29 August 2008
So recently I (rather belatedly) finished watching another J-drama - Tadashii Ouji Tsukurikata (How to Produce a Perfect Prince). This one would fall rather squarely into the high school romantic comedy classification, which is the sort of genre that is usually either fantastic or similar to having your teeth pulled out. Tadashii Ouji is one of the few that manages to settle into the middle ground.
It's a twelve-episode long mini-series, each episode only half an hour. It begins with an all-girls school turning co-ed - they run a trial class where they introduce ten boys, and depending on the outcome of the experiment, the entire school will go co-ed. The class, being composed of normal high school girls, are naturally about as excited as a herd of puppies. However when they're introduced to their new classmates, the disappointment is crushing - ten completely dysfunctional boys who aren't even close to being boyfriend material.
Depressed by the situation, they eventually rally together and form a plan to improve the boys by assigning each of them a 'producer' - one of the girls in the class. At first, most of the guys don't really take to the idea, as they're pretty happy with the way they are. Since girls are involved, though, the first five guys in the class 'transform' with little prodding, which mostly involves tidying up their clothes some, changing their hair style, and getting them cut back on a bad habit or unusual hobby. The interest comes with the more resistant remaining five members, who are all perfectly happy with the way they are and whose habits are ingrained and not without cause.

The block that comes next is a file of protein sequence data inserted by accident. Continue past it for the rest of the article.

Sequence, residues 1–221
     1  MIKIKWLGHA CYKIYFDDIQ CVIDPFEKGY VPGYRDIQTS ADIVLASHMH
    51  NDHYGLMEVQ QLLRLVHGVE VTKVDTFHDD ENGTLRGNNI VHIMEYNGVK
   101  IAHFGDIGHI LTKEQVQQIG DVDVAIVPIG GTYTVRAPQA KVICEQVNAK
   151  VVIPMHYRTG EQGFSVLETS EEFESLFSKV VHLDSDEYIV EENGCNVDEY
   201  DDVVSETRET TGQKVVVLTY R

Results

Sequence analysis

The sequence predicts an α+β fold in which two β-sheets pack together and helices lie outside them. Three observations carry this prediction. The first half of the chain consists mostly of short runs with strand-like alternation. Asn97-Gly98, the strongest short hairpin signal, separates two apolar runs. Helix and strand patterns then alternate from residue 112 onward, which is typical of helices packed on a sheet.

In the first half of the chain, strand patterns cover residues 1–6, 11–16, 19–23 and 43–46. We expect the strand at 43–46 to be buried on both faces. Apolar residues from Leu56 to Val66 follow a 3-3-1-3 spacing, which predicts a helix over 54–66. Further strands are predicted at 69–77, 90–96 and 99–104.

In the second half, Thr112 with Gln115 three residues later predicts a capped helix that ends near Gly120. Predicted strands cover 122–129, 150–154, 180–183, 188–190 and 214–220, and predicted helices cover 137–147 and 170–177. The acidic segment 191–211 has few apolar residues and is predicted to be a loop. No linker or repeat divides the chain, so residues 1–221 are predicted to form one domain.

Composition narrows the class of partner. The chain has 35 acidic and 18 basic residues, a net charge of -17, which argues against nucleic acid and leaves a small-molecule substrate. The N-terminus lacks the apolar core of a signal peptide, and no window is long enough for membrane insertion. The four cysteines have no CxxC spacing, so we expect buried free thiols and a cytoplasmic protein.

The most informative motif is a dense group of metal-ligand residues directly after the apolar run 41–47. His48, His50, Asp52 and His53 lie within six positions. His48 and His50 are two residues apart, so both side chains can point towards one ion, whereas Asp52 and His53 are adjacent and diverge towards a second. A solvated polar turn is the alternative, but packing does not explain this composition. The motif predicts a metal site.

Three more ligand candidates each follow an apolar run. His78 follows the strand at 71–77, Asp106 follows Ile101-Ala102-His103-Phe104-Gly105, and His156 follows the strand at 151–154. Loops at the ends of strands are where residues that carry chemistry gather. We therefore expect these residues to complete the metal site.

It starts with the self-proclaimed egoist and spoiled rich kid pretty boy, who is slightly problematic as his good looks make him popular even though his personality and empathy is the worst. The aloof and scary, presumed gangster type is next, then the stammering, glasses wearing, crazy-haired guy who can only communicate through his cell phone, then the hyperactive childish monkey-like troublemaker. Last is Shinozaki, the standoffish, book-reading introvert, who initially needed the least transformation of all but wound up being the last one to change, instead choosing to sit back and critically watch from a distance as his classmates changed one by one. Naturally, most of the guys end up dating whoever their producer is. It's a rather simple story about girls getting their fantasies basically, but has a few genuinely emotional moments and some good laughs.
The thing about Tadashii Ouji, though, is that it starts out with an exceedingly interesting cast of characters, and essentially makes them conformist and boring. While you have the payoff of character development and what essentially equates to unlocking eyecandy, during the process you also lose a lot of the idiosyncracies that made these characters memorable. They were terribly flawed and complex individuals, and that was what made them interesting. Honestly, you could probably read pretty deeply into this relatively light-hearted show and find some startling insight into conformist culture.
Potenital subtext aside, it was a decent enough show if you want to rest your brain. The performances were reasonable, but there are a couple of cases (particularly with the teachers) where the overacting that is endemic to J-dramas is slightly cringe-worthy. The music performs its job in setting the mood without being anything special, and the production values were decent but naturally, given the setting, nothing amazing.
It does do a lovely job in fooling a whole new generation of girls into thinking that they can change guys into their dream man, which is a bit backwards from the usual 'guys thinking they can fool girls into thinking they are their dream man' shtick.
Overall Rating: 570,016/1,000,000